37. Memorandum From the Special Assistant for National Security Affairs (Kissinger) to President Nixon1 2


  • One Added Item for Your Farewell Talk with the Shah-10:45 a.m., Thursday, October 23

In addition to other loose ends you may wish to tie up during the Shah’s farewell call, there is one item I have not previously mentioned which might warrant a word.

I am now in the process of staffing out a broad recommendation from John Mitchell and Elliot Richardson on an international effort to bring heroin traffic under control. One of their lesser suggestions is that you say a word to the Shah about this, and I think that makes sense.

The problem is that Iran after a ten-year hiatus has this year resumed production of the opium poppy, the product of which can be converted into morphine base and then into heroin. We urged Iran not to do this, but the Iranians say it can stop only if Turkey and Afghanistan stop. We are already working with Turkey, but Afghanistan is still a problem.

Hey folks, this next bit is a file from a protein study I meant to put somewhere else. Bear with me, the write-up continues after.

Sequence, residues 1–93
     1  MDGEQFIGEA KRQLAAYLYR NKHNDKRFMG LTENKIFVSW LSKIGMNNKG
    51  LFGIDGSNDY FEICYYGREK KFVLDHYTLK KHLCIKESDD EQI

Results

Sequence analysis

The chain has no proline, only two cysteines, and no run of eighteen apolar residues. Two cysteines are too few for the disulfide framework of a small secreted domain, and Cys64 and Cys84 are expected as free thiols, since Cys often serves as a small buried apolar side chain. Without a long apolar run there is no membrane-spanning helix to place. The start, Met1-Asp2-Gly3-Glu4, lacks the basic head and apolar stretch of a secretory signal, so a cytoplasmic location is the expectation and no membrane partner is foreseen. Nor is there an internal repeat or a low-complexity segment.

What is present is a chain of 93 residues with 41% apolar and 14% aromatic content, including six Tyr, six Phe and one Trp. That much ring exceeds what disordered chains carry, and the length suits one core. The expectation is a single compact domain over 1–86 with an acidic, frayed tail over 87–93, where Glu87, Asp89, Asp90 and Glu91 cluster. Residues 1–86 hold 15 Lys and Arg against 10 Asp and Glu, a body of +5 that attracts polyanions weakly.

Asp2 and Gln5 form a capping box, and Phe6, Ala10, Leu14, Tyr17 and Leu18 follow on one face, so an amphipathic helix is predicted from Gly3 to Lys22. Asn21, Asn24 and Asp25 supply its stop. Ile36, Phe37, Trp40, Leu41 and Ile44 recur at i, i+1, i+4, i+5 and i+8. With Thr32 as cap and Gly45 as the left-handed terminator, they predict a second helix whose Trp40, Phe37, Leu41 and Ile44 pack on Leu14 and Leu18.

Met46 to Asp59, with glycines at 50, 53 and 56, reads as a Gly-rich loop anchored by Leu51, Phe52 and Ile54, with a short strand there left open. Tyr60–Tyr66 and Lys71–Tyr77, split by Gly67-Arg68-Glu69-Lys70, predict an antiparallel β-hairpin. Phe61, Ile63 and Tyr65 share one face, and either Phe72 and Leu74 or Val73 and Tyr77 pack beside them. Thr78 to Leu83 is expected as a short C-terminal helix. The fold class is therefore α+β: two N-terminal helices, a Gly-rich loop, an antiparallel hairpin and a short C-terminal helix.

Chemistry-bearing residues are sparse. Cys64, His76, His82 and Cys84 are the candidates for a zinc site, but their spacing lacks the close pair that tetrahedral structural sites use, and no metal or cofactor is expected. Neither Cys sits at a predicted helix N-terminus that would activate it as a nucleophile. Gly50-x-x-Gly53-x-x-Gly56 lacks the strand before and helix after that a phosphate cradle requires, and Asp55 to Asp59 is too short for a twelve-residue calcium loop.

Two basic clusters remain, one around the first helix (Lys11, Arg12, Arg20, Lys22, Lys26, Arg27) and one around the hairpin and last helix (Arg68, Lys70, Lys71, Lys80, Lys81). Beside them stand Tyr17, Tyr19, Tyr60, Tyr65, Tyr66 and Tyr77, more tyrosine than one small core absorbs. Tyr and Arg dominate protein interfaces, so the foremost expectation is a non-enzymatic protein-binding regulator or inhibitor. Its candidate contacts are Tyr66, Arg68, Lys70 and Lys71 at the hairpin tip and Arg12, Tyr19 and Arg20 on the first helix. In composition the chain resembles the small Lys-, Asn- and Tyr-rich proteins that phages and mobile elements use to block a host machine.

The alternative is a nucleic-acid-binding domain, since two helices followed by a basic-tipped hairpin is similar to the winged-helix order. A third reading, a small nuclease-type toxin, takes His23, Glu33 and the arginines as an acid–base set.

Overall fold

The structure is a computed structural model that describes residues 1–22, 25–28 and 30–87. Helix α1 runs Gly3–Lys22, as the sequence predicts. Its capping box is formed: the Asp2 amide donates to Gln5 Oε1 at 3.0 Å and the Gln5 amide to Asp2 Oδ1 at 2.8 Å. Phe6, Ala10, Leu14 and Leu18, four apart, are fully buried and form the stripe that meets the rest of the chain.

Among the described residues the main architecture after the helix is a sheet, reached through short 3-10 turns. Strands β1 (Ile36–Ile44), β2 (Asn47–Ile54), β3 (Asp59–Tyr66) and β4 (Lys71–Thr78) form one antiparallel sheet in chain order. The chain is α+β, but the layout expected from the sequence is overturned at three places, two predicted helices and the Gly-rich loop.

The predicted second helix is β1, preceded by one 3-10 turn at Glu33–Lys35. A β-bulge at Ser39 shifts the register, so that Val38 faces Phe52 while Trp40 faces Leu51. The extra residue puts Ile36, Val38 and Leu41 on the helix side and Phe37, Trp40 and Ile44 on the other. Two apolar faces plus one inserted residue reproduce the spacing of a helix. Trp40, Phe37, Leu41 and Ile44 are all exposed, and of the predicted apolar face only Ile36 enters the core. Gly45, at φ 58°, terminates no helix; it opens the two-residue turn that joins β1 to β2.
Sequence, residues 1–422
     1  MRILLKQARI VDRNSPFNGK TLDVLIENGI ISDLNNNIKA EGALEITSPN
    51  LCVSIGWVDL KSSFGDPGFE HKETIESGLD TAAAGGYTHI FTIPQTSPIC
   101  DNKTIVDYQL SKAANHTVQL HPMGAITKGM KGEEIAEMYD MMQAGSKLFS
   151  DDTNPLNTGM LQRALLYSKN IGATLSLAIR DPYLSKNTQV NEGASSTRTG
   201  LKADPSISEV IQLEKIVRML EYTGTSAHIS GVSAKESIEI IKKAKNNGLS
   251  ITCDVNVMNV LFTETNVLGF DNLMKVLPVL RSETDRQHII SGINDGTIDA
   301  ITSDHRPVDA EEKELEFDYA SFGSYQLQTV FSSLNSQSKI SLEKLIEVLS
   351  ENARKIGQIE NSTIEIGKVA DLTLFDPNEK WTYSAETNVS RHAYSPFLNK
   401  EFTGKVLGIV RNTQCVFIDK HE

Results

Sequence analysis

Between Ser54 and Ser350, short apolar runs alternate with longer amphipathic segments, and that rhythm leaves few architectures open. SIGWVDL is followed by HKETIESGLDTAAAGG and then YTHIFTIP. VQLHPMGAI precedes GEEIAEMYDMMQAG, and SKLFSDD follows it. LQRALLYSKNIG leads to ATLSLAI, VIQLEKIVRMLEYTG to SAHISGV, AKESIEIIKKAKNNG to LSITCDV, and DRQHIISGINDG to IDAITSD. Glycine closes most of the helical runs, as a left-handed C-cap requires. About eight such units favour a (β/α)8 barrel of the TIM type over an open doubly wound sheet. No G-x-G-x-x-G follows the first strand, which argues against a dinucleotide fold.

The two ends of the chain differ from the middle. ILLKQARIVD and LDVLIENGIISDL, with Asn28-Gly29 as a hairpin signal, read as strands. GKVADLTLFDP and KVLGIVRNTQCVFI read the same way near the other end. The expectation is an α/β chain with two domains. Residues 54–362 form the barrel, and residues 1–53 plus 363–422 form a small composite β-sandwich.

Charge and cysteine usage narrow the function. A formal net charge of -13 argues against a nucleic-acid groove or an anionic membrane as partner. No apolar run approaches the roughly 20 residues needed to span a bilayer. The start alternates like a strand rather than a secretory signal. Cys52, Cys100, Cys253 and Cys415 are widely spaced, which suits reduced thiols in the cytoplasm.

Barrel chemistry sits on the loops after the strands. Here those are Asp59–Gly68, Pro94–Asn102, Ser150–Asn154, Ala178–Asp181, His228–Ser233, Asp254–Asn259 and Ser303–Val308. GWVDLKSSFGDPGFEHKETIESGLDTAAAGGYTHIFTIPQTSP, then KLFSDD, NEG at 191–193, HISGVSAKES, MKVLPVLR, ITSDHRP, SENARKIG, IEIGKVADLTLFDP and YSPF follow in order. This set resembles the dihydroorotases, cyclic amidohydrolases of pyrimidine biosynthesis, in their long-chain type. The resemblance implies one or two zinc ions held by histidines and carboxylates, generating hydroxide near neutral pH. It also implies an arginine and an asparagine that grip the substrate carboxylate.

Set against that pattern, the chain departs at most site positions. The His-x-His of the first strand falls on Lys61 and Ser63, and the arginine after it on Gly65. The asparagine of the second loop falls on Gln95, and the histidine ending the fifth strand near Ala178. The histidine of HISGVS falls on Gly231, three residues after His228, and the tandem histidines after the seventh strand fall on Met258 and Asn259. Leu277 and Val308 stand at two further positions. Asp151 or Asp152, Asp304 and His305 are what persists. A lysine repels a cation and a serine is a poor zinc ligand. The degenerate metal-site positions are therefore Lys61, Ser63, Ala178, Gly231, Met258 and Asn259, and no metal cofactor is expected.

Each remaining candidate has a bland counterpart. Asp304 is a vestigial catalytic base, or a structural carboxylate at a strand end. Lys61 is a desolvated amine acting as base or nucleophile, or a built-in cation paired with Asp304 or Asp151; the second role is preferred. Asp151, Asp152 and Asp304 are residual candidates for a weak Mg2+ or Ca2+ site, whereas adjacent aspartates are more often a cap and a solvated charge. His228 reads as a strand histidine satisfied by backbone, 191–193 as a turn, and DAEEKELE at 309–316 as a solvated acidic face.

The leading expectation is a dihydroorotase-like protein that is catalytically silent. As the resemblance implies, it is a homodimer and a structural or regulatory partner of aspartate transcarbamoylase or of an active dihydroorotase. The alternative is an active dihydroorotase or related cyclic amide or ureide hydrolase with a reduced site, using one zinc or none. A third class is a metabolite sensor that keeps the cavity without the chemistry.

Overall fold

The points you might make are simply that:

  • —Heroin is a major problem for some of our citizens. Some three tons a year are used here.
  • —You are trying hard to bring this under control.
  • —You hope the Shah will lend his support to our efforts internationally to curb sources of supply. You will raise this with Turkish Prime Minister Demirel.
  1. Source: National Archives, Nixon Presidential Materials, NSC Files, Box 601, Country Files, Middle East, Iran, Vol. I, 1/20/69–5/31/70. Confidential. According to the President’s Daily Diary, he met with the Shah from 10:55 to 11:17 a.m. on October 23, along with Kissinger, and later, briefly Rogers. No other record of the farewell talk was found. (Ibid., White House Central Files) In Telegram 203729 to Tehran, December 8, the Department requested background information in order to devise a proper approach on Iranian opium production. (Ibid., RG 59, Central Files 1967–69, SOC 11–5 IRAN.) In Airgram A–5 to the Department, January 7, 1970, the Embassy reported that the Iranian Council of Ministers had allocated 6200 hectares for poppy planting. (Ibid., INCO DRUGS IRAN.) In telegram 211 from Geneva, January 20, 1970, the U.S. delegation to the UN recommended that the Department refrain from open criticism of Iran’s opium production, hoping that in return Iran might agree not to export its crops. (Ibid.)
  2. Kissinger recommended that Nixon encourage the Shah to aid in U.S. efforts to reduce the global heroin supply.